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The Development of Radio and TV as Advertising Media
Guide to the D'Arcy Masius Benton & Bowles archives, 1929-1995 and undated
The DMB&B Archives includes material that documents aspects of three advertising agencies: D’Arcy Masius Benton & Bowles, Benton & Bowles (B&B), and D’Arcy MacManus & Masius (D-MM). The Benton & Bowles (B&B) files in this collection are the only materials relevant to the early development of radio and television advertising.
Founded in 1929, B&B entered the radio market in 1932 with the highly successful "Maxwell House Show Boat" program. The agency was one of the first to create and produce its own shows, with an early emphasis on daytime serial radio programs targeting female consumers, and from the beginning maintained a separate copy department for the preparation of radio commercials. By 1948 it had added television production to its New York and Hollywood operations, opened a production office in Toronto, and assembled a large staff of directors, producers, and writers to support television commercial and program production.
In keeping with its "total programming" philosophy, B&B was the first agency to develop product testing for clients and, like the J. Walter Thompson Company, maintained its own Television Workshop. The collection is strong on agency history, but contains little material on the creative or business processes behind B&B's accomplishments.
J. Walter Thompson Company. Account Files, 1885-2008 and undated, bulk 1920-1995
This collection documents the J. Walter Thompson Company's management of many major and minor client accounts, including deliberations about media selection, markets, and target audience for individual advertising campaigns. An early innovator in radio and television advertising, the J. Walter Thompson Company (JWT) quickly developed a leading edge in program production in both media. The company launched its Radio Department in 1927, then re-organized it as the Radio-Television- Film Department in 1955, with a focus on the emerging television market. JWT claimed credit for producing the first commercial TV program in 1930, and was the first agency to develop and maintain an in-house television workshop for pre-testing ideas, effects, and scripts; screen-testing new talent; and previewing commercials and programs for client approval.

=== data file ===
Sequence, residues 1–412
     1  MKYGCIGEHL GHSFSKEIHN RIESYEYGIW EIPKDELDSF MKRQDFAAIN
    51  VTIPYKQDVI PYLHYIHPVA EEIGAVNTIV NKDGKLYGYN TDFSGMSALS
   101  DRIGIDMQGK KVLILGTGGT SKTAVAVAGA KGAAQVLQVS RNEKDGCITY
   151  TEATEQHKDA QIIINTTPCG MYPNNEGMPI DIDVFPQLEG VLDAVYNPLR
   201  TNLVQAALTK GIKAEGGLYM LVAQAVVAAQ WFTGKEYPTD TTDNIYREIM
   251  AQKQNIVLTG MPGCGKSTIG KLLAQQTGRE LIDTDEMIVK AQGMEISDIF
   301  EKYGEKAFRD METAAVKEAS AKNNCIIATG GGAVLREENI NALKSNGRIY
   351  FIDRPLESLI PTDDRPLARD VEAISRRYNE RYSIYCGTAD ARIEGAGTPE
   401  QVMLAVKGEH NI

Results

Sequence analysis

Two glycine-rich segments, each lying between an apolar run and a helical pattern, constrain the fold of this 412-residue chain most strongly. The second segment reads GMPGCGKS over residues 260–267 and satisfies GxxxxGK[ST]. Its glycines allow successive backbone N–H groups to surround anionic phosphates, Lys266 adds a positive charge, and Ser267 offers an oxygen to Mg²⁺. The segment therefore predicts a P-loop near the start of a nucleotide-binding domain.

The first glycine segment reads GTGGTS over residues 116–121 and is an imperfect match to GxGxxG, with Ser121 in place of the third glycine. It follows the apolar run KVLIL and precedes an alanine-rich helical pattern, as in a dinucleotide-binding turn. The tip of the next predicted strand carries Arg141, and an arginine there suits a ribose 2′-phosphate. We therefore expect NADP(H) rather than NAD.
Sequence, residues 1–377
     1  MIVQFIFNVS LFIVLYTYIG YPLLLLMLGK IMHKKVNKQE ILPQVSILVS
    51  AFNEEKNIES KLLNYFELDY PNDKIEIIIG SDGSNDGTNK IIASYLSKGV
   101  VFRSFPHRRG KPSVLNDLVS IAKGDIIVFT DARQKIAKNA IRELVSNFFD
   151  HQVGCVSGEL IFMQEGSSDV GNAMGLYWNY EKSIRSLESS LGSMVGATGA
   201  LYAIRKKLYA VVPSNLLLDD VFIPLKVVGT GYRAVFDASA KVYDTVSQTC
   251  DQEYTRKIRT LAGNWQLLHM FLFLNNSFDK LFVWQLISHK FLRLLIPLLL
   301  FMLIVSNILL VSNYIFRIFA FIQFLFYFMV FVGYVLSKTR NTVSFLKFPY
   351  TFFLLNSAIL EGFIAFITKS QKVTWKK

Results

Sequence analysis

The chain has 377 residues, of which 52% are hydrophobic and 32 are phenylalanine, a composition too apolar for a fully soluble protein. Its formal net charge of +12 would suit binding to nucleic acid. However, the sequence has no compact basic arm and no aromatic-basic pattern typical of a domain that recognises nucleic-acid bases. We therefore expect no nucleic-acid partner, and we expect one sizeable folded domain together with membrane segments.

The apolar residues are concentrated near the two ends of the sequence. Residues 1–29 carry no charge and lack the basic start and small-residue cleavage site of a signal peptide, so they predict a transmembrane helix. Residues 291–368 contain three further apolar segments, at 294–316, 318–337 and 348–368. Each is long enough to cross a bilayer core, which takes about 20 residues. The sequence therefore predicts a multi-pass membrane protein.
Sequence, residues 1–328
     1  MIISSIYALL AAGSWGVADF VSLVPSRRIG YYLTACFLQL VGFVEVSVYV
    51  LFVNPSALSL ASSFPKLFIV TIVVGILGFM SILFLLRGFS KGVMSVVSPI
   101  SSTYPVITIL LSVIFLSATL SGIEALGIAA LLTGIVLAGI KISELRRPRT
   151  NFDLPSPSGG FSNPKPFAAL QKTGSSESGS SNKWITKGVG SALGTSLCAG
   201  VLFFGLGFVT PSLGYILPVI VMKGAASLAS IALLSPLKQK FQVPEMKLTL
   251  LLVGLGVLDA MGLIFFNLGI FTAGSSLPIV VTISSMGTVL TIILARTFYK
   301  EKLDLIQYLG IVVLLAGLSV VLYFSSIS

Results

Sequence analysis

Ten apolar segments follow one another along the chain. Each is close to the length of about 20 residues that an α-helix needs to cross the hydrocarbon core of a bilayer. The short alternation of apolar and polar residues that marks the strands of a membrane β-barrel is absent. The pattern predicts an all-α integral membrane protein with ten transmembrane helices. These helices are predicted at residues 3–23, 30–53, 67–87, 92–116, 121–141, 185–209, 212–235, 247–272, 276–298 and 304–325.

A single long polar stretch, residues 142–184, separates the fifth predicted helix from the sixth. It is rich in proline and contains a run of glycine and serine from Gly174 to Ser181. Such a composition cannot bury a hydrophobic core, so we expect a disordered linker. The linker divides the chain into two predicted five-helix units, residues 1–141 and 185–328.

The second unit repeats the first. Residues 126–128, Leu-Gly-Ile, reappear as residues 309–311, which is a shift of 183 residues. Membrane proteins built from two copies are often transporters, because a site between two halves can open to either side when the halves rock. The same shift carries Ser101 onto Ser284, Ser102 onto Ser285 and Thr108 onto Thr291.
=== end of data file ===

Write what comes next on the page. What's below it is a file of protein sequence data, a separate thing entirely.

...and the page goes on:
J. Walter Thompson Company. Advertising Vertical File, 1950-1994
The Advertising Vertical File was created and maintained as an internal reference file by the Information Center in JWT's New York Office and contains subject files (primarily news clippings, articles, and pamphlets) on a wide range of advertising topics, including radio and television.
J. Walter Thompson Company. Broadcast Business Affairs Records.
Consists of 8 boxes of memoranda, correspondence, legal agreements and other printed materials related to radio and television broadcasts. Of particular note are the collections of contract cards, lists of artists and agents, talent contracts with individual artists and performers, and syndication agreements. Companies represented include American Gas Association, Ford, Kodak, Kraft, Pan Am, and R.T. French.
J. Walter Thompson Company. Dan Seymour Papers, 1951-1974
This collection documents television advertising history and the management of client accounts; the development of television shows and other aspects of television programming, including actor selection and audience profiles; and client account histories. The process of reorganization and overall administration of the Radio-Television Department is primarily documented in the Radio-Television Department Series (Office Files and Thompson Company Offices). Other materials in this series describe the planning and production of specific television programs: scripting, casting, and production decisions; the scheduling of client advertising; interactions among JWT's various production offices; and the company's business dealings with television networks.
J. Walter Thompson Company. John F. Devine Papers, 1952-1974 and undated, bulk 1956-1970
John 'Jack' Devine managed JWT's Radio/Television Department from 1954 to 1960. Devine was an advertising industry representative to negotiations between television networks and organized labor groups during the period from 1956 to 1960. Correspondence, memoranda, and research reports in this collection provide exceptional insight into media advertising operations during the period of transition from radio to television as the dominant medium for product-sponsored advertising and programming.